The Beginning of Infinity: Explanations That Transform the World

The Beginning of Infinity: Explanations That Transform the World

by David Deutsch

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The New York Times bestseller: A provocative, imaginative exploration of the nature and progress of knowledge

“Dazzling.” – Steven Pinker, The Guardian

In this groundbreaking book, award-winning physicist David Deutsch argues that explanations have a fundamental place in the universe—and that improving them is the basic regulating principle of all successful human endeavor. Taking us on a journey through every fundamental field of science, as well as the history of civilization, art, moral values, and the theory of political institutions, Deutsch tracks how we form new explanations and drop bad ones, explaining the conditions under which progress—which he argues is potentially boundless—can and cannot happen. Hugely ambitious and highly original, The Beginning of Infinity explores and establishes deep connections between the laws of nature, the human condition, knowledge, and the possibility for progress.

Product Details

ISBN-13: 9781101549827
Publisher: Penguin Publishing Group
Publication date: 07/21/2011
Sold by: Penguin Group
Format: NOOK Book
Pages: 496
Sales rank: 342,318
File size: 2 MB
Age Range: 18 Years

About the Author

Born in Haifa, Israel, David Deutsch was educated at Cambridge and Oxford Universities. He is a Fellow of the Royal Society and a professor of physics at the University of Oxford, where he is a member of the Centre for Quantum Computation. His papers on quantum computation laid the foundations for that field, and he is an authority on the theory of parallel universes. His honors include the Institute of Physics' Paul Dirac Prize and Medal. The author of The Fabric of Reality, he lives in England.

Table of Contents

Acknowledgements vi

Introduction vii

1 The Reach of Explanations 1

2 Closer to Reality 34

3 The Spark 42

4 Creation 78

5 The Reality of Abstractions 107

6 The Jump to Universality 125

7 Artificial Creativity 148

8 A Window on Infinity 164

9 Optimism 196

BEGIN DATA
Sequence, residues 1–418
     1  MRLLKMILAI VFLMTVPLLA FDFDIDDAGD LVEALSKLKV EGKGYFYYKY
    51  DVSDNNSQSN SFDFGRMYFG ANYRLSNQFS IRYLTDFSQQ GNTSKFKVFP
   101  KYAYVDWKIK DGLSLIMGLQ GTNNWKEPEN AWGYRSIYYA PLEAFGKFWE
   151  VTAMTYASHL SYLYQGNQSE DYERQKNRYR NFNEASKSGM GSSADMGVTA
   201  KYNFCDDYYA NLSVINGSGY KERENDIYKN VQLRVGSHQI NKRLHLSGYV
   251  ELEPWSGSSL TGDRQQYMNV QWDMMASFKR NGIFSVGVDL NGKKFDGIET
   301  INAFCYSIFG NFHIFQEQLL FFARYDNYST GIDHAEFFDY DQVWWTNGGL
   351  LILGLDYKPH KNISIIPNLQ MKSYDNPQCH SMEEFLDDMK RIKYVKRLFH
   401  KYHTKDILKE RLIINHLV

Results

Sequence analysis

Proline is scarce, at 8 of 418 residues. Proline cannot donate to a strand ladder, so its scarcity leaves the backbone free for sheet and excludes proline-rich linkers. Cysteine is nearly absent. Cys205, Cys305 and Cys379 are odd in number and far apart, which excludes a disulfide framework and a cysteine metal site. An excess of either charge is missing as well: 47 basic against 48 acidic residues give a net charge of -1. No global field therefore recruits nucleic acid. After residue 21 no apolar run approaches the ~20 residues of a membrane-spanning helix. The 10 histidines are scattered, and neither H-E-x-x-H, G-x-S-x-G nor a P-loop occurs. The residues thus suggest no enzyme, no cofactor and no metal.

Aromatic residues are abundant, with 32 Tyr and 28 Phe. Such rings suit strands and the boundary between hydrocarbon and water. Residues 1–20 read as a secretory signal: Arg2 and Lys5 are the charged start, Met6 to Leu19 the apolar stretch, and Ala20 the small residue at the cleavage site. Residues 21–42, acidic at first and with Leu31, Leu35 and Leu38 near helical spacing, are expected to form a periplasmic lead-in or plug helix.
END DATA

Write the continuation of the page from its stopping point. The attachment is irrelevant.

10 A Dream of Socrates 223

11 The Multiverse 258

12 A Physicist's History of Bad Philosophy 305

13 Choices 326

14 Why are Flowers Beautiful? 353

15 The Evolution of Culture 369

16 The Evolution of Creativity 398

17 Unsustainable 418

18 The Beginning 443

Bibliography 460

Index 463

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Beginning of Infinity 3.9 out of 5 based on 0 ratings. 10 reviews.
charlesmathes on LibraryThing More than 1 year ago
I've grown tired of the world I see, so my reading has turned to the larger world that I don't see but that is -- theoretically -- just as real (at least for now). Bobbling between quantum and astro physics, I found my way to David Deutsch's new book, "The Beginning of Infinity" and for a while I loved it. He was a fantastic guide when he was discussing infinity, the universe, the philosophy and evolution of the scientific method, even Darwin -- like having your own personal genius to explain larger pictures and puzzles you had never conceived of, let alone seen. But somewhere past the middle of the book, he began to flake out -- at least for me. Maybe I'm just not smart enough to follow him all the way to where he wants to go or maybe I just got tired of wandering in the desert. There isn't a real analogy with the final novels of Isaac Asimov, when he stumbled into trying to connect everything in the universe he had created into some grand unified field theory -- but the effect was the same for me: rapid loss of interest. Even his forays into physics, which had begun in ways I found challenging, enlightening and fun suddenly were less than comprehensible unless you were a graduate student at MIT or Cal Tech yourself.Deutsch's last book, THE FABRIC OF REALITY was published in the late 1990s. It may be that he started to write THE BEGINNING OF INFINITY a decade back and as his personal interests developed and changed he forgot what book he was writing (he may have gotten interested in political philosophies, but this was not what I signed up for). Not that a reader can't profit from and enjoy the author's original and challenging ideas. I loved the book I started -- I just didn't want to finish the one he ended.
jefware on LibraryThing More than 1 year ago
An important and optimistic view of science and technology. Also covers certain aspects of epistemology.
Anonymous More than 1 year ago
Anonymous More than 1 year ago
...for me, it's a real effort. It's not so difficult as a George Soros book I once picked up, which probably should have been titled "I am Smarter than You", but you really have to concentrate at times. Still, the subject matter is definitely interesting. At times, it gave me the satisfaction depicted in the song "If I were a Rich Man": "I'd spend my whole time listening to the wise men, and that would be the sweetest thing of all."
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Anonymous More than 1 year ago
She nodded and quickly trotted off
Anonymous More than 1 year ago
Self indulgent and rambling. What could have been an interesting read became a chore. There's better choices than this book.